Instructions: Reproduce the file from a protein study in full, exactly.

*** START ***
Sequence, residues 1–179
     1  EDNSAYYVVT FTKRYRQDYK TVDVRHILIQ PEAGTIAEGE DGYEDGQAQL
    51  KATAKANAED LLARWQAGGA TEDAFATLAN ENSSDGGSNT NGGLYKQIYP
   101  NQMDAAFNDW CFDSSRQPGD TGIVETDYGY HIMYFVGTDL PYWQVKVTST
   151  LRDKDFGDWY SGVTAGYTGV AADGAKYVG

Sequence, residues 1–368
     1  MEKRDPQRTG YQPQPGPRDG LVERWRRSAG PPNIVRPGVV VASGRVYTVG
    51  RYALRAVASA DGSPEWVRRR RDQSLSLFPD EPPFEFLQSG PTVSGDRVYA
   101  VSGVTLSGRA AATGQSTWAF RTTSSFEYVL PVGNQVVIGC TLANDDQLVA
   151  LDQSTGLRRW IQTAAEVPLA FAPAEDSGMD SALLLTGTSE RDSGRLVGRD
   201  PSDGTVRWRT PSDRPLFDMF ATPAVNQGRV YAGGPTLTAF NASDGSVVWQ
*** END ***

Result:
Sequence, residues 1–179
     1  EDNSAYYVVT FTKRYRQDYK TVDVRHILIQ PEAGTIAEGE DGYEDGQAQL
    51  KATAKANAED LLARWQAGGA TEDAFATLAN ENSSDGGSNT NGGLYKQIYP
   101  NQMDAAFNDW CFDSSRQPGD TGIVETDYGY HIMYFVGTDL PYWQVKVTST
   151  LRDKDFGDWY SGVTAGYTGV AADGAKYVG

Sequence, residues 1–368
     1  MEKRDPQRTG YQPQPGPRDG LVERWRRSAG PPNIVRPGVV VASGRVYTVG
    51  RYALRAVASA DGSPEWVRRR RDQSLSLFPD EPPFEFLQSG PTVSGDRVYA
   101  VSGVTLSGRA AATGQSTWAF RTTSSFEYVL PVGNQVVIGC TLANDDQLVA
   151  LDQSTGLRRW IQTAAEVPLA FAPAEDSGMD SALLLTGTSE RDSGRLVGRD
   201  PSDGTVRWRT PSDRPLFDMF ATPAVNQGRV YAGGPTLTAF NASDGSVVWQ